The Rise of Good News Journalism
Let’s face it: until Team GB started winning a slew of golds in Rio, the news has been a bit depressing for much of the year. Whether it’s political upheaval, terrorist attacks, or crime, it’s been rare to switch on the TV or radio and hear a good news story.
Although the focus on bad news is well intentioned, stemming from a commitment by the media to be society’s watchdog, research shows that we are getting fed up with media negativity, and a growing number of us are turning to online publications such as Huffington Post for some light relief. And the proof is in the numbers. In 2012, Huffington Post launched its Good News section, which focuses on fun, shareable videos and features posts with constructive advice or inspirational stories. In the last year, traffic to the site has increased by 85%, and notably, the Good News articles are getting twice the social referrals of other Huffington Post content.
There are a number of other dedicated good-news-only sites, such as Positive News, with a 25,000-circulation quarterly print publication in the UK, the Good News Network, Happy News and Upworthy. Although not focusing purely on positive stories, these publications balance the hard-hitting news with fun, shareable stories.
Time are a-changing
To counter bad-news fatigue, a growing number of mainstream publications including the Mail and the BBC are following in the footsteps of Huffington Post and featuring more good news stories. And this summer, The Guardian became the latest publication to join them.
In June, it launched its Half Full series, which focuses on constructive stories, innovations and people who are trying to make a difference. The paper took the decision to add the feature as a result of a reader survey in which a significant number of people called for more good news stories.
What does the trend mean for PR?
This is great news for PR, as good news is inherently more memorable and shareable than bad. And when a brand shares an optimistic message, it often inspires more action than a negative message.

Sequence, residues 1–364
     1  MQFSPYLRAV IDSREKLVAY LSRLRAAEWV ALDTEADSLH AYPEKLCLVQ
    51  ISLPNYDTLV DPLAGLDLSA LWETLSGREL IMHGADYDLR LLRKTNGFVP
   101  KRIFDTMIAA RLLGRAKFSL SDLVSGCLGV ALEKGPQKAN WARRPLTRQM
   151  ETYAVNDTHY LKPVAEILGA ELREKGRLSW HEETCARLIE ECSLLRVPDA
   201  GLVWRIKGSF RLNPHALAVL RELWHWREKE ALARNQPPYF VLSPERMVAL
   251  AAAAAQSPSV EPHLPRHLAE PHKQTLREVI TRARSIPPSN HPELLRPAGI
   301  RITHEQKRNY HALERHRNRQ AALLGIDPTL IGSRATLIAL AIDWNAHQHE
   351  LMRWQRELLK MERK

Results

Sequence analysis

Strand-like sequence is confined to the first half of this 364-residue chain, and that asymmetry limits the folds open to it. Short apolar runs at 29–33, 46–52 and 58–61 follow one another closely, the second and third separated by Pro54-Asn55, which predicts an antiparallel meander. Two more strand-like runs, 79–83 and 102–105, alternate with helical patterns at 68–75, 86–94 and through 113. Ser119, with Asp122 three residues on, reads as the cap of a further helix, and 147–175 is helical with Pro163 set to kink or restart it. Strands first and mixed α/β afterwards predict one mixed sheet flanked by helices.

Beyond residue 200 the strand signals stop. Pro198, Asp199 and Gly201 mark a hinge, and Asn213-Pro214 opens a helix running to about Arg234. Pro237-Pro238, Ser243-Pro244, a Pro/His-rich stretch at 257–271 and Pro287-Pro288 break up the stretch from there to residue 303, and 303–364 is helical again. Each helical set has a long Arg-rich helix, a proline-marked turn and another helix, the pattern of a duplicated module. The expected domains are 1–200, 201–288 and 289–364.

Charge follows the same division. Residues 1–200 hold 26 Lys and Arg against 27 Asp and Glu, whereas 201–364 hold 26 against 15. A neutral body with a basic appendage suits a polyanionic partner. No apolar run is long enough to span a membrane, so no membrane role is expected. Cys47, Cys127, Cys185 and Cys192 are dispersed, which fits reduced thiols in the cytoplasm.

One brand to capitalise on the positive message trend was the New Forest National Park Authority. The brand recently ran a PR campaign encouraging visitors to take a break from the modern world and enjoy a family day out in the wilderness, leaving their car keys, tablets and smart phones at their Tech Crèche while they explored.
The positivity of the ‘connected families’ message generated a strong response, attracting 15 national and 51 regional pieces of coverage, including interviews on BBC Radio 2 and BBC Radio Five Live. The campaign also helped reduce car traffic by nearly 15% year-on-year.
This positive approach can be particularly beneficial to charities. For example, UK charity Living Streets ran a PR campaign for National Walking Month to encourage people to get more exercise. Their #Try20 campaign attempted to reinforce the government’s recommendation to carry out 150 minutes of exercise per week, which roughly breaks down to 20 minutes per day, in a simple, memorable message. They used various positive PR tactics to encourage people to walk more, including ‘how-to’ tips, inspiring case studies and diary-style progress blogs.
From a PR point of view, the charity focused on working with positive national publications such as Huffington Post and the Guardian as well as Elle, Red and Woman’s Own, to communicate its message. And the approach worked. Some 7,200 people signed up to the supporter base and committed to #Try20, representing more than a fivefold increase on the previous year.
The key to success
The takeaway here is that hinging your campaign on a positive message can do wonders for your brand. Headlines that include words like ‘good’ or ‘happy’ are likely to reach more eyeballs and result in more social shares. And any brand that can take us away, even for a moment, from the constant stream of parliamentary sackings, economic worries and awful tragedies, has got to be on to a winner.